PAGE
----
Do you think of your skin as a beautiful feature to be bared when the weather warms up? Or is it simply a protective shell, an instrument for touch, or a telling clue to your age? While your skin may be all of these things, it is also your body's most prominent organ.
So it's essential you take care of it, especially during the summertime, when UV levels can wreak havoc on exposed skin. While those killer rays may feel sensational, the effects of sun exposure may not be as agreeable over time. According to the American Academy of Dermatology (AAD), one in five Americans will develop some form ofduring their lifetime.
Prolonged ultraviolet exposure may also lead to wrinkles, dryness, and age spots., which affects more than 20 million Americans over age 40, reports the National Eye Institute. Then there's premature of the skin. The National Institute on Aging has pointed to sunlight as a major culprit of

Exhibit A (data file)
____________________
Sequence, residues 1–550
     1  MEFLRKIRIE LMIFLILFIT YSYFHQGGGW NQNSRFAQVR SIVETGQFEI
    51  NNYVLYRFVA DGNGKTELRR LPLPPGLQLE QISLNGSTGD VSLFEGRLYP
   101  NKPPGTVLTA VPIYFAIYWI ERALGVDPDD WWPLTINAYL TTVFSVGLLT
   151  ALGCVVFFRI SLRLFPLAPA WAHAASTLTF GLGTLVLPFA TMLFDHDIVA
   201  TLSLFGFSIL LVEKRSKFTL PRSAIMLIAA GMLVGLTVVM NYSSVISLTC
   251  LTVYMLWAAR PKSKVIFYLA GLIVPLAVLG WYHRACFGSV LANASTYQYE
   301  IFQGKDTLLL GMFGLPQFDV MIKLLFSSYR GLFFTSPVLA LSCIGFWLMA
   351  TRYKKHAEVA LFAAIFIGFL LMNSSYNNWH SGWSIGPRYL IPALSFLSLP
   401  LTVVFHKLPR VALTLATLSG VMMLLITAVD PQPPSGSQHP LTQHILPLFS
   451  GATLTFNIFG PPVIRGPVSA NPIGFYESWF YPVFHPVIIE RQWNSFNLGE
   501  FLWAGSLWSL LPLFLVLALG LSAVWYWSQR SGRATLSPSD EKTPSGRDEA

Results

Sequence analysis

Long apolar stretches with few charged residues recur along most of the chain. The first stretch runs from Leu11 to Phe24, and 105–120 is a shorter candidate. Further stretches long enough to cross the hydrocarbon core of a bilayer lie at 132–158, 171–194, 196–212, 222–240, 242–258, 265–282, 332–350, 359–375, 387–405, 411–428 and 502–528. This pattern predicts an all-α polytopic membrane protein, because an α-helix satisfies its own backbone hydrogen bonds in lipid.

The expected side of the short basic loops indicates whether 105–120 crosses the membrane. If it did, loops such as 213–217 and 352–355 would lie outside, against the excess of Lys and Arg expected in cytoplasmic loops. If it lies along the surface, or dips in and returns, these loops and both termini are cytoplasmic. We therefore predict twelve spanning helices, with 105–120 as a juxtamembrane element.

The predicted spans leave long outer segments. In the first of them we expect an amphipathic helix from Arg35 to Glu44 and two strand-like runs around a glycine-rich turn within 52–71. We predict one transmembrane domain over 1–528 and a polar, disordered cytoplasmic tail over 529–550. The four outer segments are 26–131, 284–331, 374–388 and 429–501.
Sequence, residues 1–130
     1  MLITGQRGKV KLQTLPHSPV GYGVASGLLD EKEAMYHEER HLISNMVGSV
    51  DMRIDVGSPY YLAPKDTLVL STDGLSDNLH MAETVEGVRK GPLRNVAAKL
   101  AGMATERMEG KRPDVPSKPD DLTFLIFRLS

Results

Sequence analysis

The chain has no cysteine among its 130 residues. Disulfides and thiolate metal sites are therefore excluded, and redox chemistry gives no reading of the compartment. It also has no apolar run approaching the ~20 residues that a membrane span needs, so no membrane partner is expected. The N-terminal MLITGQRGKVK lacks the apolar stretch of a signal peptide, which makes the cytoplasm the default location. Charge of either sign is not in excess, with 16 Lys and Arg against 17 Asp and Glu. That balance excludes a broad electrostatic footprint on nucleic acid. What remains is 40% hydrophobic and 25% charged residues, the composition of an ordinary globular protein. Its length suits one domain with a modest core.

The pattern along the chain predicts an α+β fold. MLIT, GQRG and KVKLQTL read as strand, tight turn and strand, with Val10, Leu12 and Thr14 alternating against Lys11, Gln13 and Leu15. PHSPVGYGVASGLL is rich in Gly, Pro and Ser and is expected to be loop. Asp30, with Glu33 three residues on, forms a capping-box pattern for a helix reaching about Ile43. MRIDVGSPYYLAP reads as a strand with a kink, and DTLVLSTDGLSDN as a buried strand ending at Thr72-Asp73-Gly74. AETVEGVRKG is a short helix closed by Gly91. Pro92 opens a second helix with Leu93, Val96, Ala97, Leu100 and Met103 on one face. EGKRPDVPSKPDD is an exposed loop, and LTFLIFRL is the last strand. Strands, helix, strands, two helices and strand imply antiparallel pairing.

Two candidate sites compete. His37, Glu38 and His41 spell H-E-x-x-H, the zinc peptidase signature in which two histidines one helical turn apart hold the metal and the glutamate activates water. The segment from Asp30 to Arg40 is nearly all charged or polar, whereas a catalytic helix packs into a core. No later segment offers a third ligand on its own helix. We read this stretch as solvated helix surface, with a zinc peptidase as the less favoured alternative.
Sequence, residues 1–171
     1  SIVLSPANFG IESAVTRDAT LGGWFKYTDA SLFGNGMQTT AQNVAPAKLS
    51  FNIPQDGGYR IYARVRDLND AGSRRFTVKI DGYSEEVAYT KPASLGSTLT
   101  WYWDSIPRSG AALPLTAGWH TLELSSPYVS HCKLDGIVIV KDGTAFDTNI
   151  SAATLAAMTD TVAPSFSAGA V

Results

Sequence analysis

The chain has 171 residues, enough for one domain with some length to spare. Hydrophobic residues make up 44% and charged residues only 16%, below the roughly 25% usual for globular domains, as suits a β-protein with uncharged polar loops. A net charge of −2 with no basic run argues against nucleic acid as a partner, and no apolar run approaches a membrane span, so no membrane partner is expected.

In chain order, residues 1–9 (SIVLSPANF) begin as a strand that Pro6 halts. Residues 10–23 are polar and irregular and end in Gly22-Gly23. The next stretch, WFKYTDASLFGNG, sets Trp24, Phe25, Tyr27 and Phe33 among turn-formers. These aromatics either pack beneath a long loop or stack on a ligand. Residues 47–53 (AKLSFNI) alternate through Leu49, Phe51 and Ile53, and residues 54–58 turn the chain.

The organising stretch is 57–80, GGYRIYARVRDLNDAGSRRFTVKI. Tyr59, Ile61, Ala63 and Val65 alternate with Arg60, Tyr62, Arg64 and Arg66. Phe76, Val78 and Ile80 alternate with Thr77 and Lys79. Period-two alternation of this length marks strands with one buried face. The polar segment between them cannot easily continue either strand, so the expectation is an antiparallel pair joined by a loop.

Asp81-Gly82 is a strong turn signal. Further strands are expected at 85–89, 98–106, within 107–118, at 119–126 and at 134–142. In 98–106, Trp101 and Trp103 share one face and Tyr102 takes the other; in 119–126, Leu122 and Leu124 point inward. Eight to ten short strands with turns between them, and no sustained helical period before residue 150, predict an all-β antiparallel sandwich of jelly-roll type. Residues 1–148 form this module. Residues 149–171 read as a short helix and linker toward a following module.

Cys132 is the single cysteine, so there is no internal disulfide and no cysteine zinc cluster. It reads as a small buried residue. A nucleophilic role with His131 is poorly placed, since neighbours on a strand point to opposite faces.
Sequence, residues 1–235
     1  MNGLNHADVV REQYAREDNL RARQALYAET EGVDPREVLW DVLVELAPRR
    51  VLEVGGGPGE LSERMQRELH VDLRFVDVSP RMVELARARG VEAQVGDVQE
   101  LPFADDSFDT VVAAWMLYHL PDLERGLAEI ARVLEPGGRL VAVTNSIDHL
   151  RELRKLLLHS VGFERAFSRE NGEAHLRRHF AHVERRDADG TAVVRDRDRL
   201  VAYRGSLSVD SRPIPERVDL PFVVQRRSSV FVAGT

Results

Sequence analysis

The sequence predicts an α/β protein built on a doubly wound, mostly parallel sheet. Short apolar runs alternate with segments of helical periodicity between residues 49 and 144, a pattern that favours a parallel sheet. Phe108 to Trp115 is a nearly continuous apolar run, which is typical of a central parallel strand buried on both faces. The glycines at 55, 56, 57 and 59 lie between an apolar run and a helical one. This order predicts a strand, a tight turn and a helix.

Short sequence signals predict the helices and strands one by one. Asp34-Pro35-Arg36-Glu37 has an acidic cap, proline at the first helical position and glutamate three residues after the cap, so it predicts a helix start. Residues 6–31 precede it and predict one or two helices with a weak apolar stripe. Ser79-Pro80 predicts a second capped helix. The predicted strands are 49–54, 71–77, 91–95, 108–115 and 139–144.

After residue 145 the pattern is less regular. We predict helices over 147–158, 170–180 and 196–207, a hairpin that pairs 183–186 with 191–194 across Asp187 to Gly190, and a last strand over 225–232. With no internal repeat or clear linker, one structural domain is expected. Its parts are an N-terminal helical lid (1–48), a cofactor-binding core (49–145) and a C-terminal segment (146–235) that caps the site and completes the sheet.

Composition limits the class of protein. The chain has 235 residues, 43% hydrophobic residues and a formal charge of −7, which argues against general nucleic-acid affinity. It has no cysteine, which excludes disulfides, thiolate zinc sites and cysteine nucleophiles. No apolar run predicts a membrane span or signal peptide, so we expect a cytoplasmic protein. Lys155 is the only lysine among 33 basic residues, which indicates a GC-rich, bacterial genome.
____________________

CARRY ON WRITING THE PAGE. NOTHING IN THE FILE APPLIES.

The best way to avoid trouble? Block harmful rays when you're out during the day; even during cloudy days use sun protection. Sun rays can penetrate light clouds, mist, and fog. The danger exists in all seasons, and the damage builds up each year.
"The fall, winter, and spring will account for at least 20% of the [UV] exposure that we have," says Ron Shelton, MD, FAAD, FAACS, a board-certified dermatologist, and assistant professor of dermatology at Mount Sinai Medical Center in New York City. "Yet, there's no doubt that the bulk of the sun damage happens in the summer months."
Whether you're driven by medical concerns, beauty, or both, gear up with WebMD's Summer Skin Survival Guide before hitting the beach, the golf course, or even the back yard -- and keep your skin glowing with good health all year round.
Skin cancer is the most common form of cancer in the U.S. There's strong evidence that excessive sun exposure raises the risk of melanoma, the deadliest form of the disease. According to the American Cancer Society, there will be about 62,000 new cases of melanoma in 2006, and nearly 8,000 will die of the ailment.